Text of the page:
After the 106-103 win over the Celtics, head coach Nick Nurse praised his reserves for buying into their roles in his system.

“Batum, obviously, is probably kind of a starter, big-minute-off-the-bench guy,” Nurse said. The guys like Pat and Cov and Paul, a couple others, like, they’re going in there to give to you some rough, tough, hard play. That’s their role, and they really excel at it.”

One of Nurse’s greatest attributes as a coach is his willingness to experiment. He figures to continue tinkering with his rotations and lineups over the next few weeks and months to identify which combinations of players are most and least effective. If they identify a hole that they need to address, they’ll have the flexibility to do so either ahead of the trade deadline or in free agency next summer.

A backup ball-handler looks like a glaring need right now, although team president Daryl Morey doesn’t seem to be in any hurry to add one.

“It’s going to be hard because we have a lot of very solid guys now that help you win, that are pretty high-level in this league,” Morey said on the Rights to Ricky Sanchez podcast. “Nic Batums, Covingtons, Oubre, Melton, Tobias. I mean, we have a lot of—House when he gets in there, Pat Beverley. So, breaking that eight or nine—’cause I think now Nick can play 11 or 12—it takes a pretty high quality of player.

“So I can’t just go get a guy who’s on the ball and slide him in there. We’ll end up being worse, and it’ll be better for Nick to scheme around the fact that we’re a little short of playmaking, which he’s done. So, long story short, it’s gonna have to be a pretty high-quality guy to make our rotation, and that means it could have to be our bigger acquisition.”

It’s Nurse’s job over the coming weeks to see if he can paper over that weakness schematically. Batum should help in that regard. The lineup with Oubre, Batum, Joel Embiid, Tyrese Maxey and Tobias Harris showed promise against the Celtics and deserves more run moving forward. Others will emerge, too.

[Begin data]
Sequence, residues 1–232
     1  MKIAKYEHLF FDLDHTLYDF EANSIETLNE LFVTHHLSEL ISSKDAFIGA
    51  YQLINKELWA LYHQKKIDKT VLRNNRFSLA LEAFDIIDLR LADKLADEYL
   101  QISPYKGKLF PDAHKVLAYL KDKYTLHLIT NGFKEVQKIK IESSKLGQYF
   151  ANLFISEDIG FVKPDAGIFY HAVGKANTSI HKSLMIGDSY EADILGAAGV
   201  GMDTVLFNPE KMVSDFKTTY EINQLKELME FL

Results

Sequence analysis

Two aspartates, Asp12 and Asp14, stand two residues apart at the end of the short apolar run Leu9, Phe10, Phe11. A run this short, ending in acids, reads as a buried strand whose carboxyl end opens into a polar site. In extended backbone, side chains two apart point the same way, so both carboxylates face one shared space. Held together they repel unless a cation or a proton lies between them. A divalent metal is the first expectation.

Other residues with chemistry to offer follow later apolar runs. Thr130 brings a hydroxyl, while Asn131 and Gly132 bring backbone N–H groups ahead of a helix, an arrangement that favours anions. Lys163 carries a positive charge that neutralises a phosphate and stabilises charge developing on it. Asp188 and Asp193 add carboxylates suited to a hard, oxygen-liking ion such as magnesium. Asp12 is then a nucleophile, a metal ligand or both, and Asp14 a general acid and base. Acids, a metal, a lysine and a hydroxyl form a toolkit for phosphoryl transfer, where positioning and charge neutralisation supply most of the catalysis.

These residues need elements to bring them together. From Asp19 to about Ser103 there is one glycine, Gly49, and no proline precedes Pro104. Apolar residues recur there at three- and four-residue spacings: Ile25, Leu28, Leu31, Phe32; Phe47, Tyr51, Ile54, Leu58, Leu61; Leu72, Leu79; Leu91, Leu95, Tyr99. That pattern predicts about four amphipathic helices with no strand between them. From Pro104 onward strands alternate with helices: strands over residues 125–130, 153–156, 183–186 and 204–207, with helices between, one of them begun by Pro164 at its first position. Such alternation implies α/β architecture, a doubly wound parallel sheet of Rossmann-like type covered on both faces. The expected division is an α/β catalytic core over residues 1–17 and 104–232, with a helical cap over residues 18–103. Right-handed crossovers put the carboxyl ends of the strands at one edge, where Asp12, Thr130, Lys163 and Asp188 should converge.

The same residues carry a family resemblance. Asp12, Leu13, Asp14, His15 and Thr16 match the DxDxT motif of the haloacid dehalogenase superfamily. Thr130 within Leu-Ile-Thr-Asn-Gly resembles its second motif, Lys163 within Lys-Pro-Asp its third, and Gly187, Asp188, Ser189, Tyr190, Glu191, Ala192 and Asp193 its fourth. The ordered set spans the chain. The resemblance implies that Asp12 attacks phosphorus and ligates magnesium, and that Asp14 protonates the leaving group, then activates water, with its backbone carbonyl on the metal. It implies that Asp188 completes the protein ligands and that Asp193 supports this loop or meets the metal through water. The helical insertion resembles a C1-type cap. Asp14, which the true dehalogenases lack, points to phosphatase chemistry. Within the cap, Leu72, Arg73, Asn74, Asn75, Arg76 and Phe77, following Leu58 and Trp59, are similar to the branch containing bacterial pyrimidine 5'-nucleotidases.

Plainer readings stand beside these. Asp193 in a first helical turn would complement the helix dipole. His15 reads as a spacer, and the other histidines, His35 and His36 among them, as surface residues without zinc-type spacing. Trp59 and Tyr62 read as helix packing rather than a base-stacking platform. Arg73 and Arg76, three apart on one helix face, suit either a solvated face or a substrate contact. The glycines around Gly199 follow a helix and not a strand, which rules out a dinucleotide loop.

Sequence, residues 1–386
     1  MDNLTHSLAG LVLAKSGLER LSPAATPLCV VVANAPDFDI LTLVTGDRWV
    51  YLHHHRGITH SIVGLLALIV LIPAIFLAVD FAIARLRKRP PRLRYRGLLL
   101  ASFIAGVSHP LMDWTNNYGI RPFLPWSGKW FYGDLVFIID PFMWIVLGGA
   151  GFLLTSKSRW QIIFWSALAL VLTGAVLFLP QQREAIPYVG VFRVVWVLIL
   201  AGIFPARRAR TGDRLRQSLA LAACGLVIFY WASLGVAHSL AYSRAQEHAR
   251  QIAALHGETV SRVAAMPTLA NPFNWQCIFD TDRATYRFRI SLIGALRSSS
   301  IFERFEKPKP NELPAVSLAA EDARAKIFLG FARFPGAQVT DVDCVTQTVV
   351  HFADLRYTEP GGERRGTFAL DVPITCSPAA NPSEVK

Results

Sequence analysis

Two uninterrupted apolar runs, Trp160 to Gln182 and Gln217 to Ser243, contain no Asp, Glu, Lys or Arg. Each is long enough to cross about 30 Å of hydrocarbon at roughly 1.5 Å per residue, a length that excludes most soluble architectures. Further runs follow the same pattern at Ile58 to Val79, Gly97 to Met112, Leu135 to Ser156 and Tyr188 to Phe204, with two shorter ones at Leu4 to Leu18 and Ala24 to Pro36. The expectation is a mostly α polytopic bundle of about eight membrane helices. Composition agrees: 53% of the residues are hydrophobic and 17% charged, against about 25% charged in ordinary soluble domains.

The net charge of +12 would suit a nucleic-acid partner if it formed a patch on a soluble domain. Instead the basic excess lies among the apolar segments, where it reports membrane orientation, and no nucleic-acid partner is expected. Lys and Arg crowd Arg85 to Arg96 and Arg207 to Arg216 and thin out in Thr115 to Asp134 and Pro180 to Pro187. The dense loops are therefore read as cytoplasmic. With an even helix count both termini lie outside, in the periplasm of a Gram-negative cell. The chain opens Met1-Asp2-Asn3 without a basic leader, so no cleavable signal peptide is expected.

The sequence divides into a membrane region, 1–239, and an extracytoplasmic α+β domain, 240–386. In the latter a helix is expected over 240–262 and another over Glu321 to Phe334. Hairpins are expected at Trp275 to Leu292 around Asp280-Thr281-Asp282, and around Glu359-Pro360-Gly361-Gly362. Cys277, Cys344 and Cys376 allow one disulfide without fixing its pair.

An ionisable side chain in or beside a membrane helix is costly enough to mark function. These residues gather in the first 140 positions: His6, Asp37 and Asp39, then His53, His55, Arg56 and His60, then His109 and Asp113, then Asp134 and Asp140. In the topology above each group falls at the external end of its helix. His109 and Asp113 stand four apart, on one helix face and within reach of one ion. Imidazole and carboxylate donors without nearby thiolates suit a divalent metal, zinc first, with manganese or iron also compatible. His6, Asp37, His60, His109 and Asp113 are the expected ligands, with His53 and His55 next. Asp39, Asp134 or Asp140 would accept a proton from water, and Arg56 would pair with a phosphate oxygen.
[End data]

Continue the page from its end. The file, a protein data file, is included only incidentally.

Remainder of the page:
The key to trying out these different combinations is to prepare the Sixers for anything once the playoffs roll around. If their Plan A isn’t working against a certain team, they’ll now have the luxury of changing up their strategy on the fly. That unpredictability will make them more difficult to face.

After acquiring Batum, Covington, Morris and Martin in the Harden trade, Morey didn’t envy the position that he’s put Nurse in.

“Nick’s really got his work cut out for him, because I don’t know who to play with our crew,” he said on the RTRS. “Generally, it’s best to play nine or 10 at most. Nick’s even talking about playing a wider group. That hasn’t been his history or my history, not that I’ve chosen. But the teams that I’ve been on in the past have played shorter rotations. It’s gonna be very difficult.”

Nurse doesn’t seem all that concerned about how he’ll have to juggle his rotations, though.

“I think we’ve got an interesting team,” he said Wednesday. “We’ve got an emerging young star in Tyrese, we’ve got an unbelievable player in Joel, and we’ve got a lot of athletes that are pretty talented around them that give them some depth.”

Once we get closer to the Feb. 8 trade deadline, the Sixers might try to consolidate some of the contracts and picks that they received in the Harden trade for a big upgrade. In the meantime, they should continue testing how all of their puzzle pieces fit together best.

Unless otherwise noted, all stats via, PBPStats, Cleaning the Glass or Basketball Reference. All salary information via Spotrac or RealGM.